But when reminded that his fighting style is not quite similar to Leonard’s, he said: “I can dance, move and manoeuvre better than Sugar Ray but because I was boxing in the United Kingdom and the British does not like that, all they are interested in is for you to win, so I had to put away my dancing shoes and box rather than entertain. In the UK it is called ‘showboating’. At some point I was angry that I had to do away with all that I learnt over the years. But really I love to entertain the crowd,” he said.
Shockingly, the former African and British featherweight champion said he never wanted to become a professional boxer, but had rather wanted to remain an amateur. But the disappointment of Sydney Olympics changed his plan.
“I really never wanted to turn pro; my plan was to win gold medals in the Olympic Games and other international amateur competition then quit boxing. But it was not to be after I was robbed at the Sydney Olympics. Everybody including myself believed I was going to return from Sydney with the gold because I had beaten almost everybody in my category at one competition or the other prior to the Games including the Cuban that won the gold. Even the Algerian that won the bronze, I had earlier beaten him at the All Africa Games final some few months to the Olympics.
“So nobody really doubted my ability to win a medal at the Sydney Games. But I was robbed against my American opponent and my medal hopes were shattered. I was then torn between waiting for another four years and turning pro. And I reasoned that if I waited for another four years what was the chances that I would not be robbed again; that would mean another four years have been wasted. So I opted for the latter with the belief that in the next four to six years I will win a world title which will compensate for my dashed Olympic dream and that is the reason why I’m still pushing hard in my resolve to win a world title,” the army staff sergeant said.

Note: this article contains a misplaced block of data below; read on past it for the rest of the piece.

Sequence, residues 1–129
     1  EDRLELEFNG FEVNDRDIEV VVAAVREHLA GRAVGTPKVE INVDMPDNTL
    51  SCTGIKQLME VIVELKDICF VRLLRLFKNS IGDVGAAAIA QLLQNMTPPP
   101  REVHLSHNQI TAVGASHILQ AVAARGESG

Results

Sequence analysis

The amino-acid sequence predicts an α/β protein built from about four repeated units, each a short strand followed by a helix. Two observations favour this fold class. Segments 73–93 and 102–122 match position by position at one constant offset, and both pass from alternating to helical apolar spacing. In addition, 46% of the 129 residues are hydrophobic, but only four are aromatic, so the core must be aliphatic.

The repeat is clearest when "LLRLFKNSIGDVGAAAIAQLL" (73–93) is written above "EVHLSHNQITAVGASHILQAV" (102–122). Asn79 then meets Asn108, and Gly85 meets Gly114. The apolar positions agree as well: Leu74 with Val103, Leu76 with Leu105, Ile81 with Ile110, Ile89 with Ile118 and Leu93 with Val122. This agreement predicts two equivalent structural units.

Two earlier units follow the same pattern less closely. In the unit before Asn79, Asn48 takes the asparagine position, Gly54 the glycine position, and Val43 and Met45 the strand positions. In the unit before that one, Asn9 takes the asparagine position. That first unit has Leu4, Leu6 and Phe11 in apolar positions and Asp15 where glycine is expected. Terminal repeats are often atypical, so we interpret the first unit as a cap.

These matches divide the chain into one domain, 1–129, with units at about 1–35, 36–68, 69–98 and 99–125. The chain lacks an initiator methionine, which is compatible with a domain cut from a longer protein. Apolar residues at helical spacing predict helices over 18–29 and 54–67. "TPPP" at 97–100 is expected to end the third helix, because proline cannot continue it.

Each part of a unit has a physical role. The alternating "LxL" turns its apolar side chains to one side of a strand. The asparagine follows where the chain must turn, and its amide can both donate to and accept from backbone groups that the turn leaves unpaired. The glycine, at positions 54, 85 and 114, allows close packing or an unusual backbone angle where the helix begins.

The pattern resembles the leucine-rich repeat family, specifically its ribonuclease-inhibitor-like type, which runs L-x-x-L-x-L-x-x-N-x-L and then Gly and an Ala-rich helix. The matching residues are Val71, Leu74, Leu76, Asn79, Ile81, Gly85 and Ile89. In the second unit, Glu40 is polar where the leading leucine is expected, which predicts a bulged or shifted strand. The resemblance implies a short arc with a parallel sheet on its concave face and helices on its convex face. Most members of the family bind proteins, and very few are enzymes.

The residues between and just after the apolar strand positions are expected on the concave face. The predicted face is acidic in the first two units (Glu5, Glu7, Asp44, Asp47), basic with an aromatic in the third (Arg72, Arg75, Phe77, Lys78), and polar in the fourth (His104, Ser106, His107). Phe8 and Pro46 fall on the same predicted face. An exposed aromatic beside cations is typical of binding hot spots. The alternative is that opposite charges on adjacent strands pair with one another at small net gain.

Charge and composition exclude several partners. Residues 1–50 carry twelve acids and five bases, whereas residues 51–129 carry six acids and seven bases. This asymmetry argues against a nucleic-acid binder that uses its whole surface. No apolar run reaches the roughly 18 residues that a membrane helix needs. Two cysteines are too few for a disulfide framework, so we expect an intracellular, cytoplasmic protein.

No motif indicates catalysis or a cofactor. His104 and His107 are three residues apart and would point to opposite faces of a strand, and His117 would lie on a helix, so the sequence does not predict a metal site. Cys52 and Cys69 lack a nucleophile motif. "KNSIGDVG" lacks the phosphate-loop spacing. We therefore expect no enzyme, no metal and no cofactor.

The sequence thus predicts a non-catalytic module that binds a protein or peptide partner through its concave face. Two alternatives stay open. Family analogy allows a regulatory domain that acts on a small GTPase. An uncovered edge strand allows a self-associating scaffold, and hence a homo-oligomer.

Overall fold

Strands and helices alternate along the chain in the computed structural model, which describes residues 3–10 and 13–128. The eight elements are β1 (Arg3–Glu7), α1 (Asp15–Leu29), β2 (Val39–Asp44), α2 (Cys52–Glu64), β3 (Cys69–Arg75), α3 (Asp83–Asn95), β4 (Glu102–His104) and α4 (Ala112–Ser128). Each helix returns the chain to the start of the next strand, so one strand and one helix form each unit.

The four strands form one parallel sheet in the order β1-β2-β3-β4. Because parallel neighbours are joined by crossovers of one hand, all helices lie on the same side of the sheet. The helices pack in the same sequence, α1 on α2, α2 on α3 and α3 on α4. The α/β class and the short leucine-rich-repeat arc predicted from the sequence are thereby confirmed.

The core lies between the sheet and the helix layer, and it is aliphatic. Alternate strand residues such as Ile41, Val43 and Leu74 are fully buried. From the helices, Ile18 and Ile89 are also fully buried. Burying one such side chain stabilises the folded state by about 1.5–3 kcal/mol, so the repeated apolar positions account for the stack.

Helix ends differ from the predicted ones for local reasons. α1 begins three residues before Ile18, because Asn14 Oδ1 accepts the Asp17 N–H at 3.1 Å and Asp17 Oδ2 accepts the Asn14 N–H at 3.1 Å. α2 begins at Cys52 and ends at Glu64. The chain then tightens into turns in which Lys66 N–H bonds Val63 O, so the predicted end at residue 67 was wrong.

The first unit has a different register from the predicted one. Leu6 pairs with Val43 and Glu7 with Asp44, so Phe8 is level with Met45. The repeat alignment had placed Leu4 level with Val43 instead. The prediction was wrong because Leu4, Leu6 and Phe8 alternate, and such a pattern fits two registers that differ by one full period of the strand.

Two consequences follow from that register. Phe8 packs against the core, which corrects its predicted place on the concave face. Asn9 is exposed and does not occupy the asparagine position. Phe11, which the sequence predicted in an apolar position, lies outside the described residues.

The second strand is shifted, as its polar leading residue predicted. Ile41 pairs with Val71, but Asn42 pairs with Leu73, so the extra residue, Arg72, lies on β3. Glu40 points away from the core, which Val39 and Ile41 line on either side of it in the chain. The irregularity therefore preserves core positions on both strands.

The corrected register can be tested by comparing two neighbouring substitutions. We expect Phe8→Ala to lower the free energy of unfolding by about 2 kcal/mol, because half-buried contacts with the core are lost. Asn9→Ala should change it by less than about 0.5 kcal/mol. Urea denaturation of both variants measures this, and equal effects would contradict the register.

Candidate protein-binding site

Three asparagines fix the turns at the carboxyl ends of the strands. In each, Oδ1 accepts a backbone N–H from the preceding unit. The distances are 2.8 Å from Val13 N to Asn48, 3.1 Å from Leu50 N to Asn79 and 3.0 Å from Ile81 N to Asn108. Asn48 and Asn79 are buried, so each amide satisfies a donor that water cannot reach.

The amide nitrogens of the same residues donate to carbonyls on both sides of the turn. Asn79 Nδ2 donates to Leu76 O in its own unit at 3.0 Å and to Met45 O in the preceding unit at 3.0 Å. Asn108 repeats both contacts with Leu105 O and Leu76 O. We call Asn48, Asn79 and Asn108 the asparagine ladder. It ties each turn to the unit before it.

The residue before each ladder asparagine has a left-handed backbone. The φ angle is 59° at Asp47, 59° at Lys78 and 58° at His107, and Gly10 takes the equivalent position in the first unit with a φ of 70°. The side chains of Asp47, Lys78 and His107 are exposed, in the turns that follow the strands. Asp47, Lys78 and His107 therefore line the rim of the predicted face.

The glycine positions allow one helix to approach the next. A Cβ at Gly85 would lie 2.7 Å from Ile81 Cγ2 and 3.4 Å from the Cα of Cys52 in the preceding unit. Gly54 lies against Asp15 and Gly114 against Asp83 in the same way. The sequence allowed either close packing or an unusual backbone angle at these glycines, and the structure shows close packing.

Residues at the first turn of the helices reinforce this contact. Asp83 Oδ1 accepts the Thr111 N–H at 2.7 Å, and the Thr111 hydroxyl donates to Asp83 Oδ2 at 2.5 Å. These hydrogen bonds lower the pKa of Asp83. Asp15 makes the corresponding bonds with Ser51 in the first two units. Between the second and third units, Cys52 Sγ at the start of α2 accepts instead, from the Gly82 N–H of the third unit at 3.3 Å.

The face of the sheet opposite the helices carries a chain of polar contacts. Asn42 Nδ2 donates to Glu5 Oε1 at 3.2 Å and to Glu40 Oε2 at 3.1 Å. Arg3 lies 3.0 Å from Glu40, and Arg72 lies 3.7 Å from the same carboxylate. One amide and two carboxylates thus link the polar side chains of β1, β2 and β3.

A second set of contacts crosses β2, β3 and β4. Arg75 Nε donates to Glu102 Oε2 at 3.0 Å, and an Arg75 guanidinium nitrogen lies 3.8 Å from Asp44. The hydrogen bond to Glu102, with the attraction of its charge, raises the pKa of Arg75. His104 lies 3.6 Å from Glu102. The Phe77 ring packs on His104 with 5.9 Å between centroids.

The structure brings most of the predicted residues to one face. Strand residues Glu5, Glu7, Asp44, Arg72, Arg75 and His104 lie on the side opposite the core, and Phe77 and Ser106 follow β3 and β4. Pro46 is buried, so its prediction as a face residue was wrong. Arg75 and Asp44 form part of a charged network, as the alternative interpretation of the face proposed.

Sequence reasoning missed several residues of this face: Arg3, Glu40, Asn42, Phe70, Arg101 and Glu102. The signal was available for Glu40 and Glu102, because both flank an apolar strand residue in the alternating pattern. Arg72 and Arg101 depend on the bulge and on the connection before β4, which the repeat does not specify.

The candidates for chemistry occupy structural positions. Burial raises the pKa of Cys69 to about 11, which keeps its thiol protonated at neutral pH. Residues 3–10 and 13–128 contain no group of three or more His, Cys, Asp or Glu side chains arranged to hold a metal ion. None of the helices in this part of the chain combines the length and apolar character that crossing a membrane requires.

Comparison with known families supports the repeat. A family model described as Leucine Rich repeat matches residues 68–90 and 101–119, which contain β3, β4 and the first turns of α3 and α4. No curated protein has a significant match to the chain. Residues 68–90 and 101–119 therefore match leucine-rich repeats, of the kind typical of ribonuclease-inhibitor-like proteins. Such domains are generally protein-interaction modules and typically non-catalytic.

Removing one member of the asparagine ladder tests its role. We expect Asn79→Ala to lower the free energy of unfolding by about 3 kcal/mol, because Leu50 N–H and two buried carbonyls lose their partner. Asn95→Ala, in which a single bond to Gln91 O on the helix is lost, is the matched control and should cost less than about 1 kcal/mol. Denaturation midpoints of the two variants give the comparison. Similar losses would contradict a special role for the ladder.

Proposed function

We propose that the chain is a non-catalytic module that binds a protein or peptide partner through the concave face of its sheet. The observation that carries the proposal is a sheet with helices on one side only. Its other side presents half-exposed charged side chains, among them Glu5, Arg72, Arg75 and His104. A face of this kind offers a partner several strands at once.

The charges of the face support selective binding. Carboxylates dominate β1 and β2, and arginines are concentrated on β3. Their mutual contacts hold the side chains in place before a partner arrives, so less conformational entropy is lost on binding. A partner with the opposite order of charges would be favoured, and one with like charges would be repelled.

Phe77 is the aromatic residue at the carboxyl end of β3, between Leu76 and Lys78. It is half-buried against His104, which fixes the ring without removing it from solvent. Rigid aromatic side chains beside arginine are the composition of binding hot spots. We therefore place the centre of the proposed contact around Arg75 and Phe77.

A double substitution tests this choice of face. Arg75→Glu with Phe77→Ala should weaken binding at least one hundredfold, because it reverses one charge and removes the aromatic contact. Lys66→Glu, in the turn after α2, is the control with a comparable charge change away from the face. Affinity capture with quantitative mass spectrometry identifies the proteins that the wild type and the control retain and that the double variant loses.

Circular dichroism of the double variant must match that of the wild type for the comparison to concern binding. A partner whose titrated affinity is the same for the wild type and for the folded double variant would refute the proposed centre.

On why he opted for the UK in his quest for a professional career as against the United States of America that is more famous for boxing and where the game is more lucrative.
“The reason why I left for the UK was that I thought boxing was as big in England as it is in the US. Moreover, I got a sponsor for training to the UK by Kronk Gym and my late manager convinced me that I’ll be well taken care of in the UK, which prompted my move to England. I also had the opportunity to go to Australia and America but I felt Australia was too far for me as I always love to visit Nigeria at the slightest opportunity. America is far away while Australia is further away but London is just about six hours away from Nigeria by flight. Like I said earlier, turning pro was never a priority; all I wanted was to win everything as an amateur and become a coach. Because of the way Nigeria prepares for the Olympics I cannot be sure of winning a medal at the next edition. I have the talent no doubt but talent alone is not enough, one needs to work hard. Though working hard has never been my problem but we have to prepare which is not easy for the individual alone to do. The government needs to fund the athletes’ preparation. I knew how we prepared for the Sydney Olympics and all other competitions, that was how I decided I had to put my destiny in my hand and turned pro,” he said.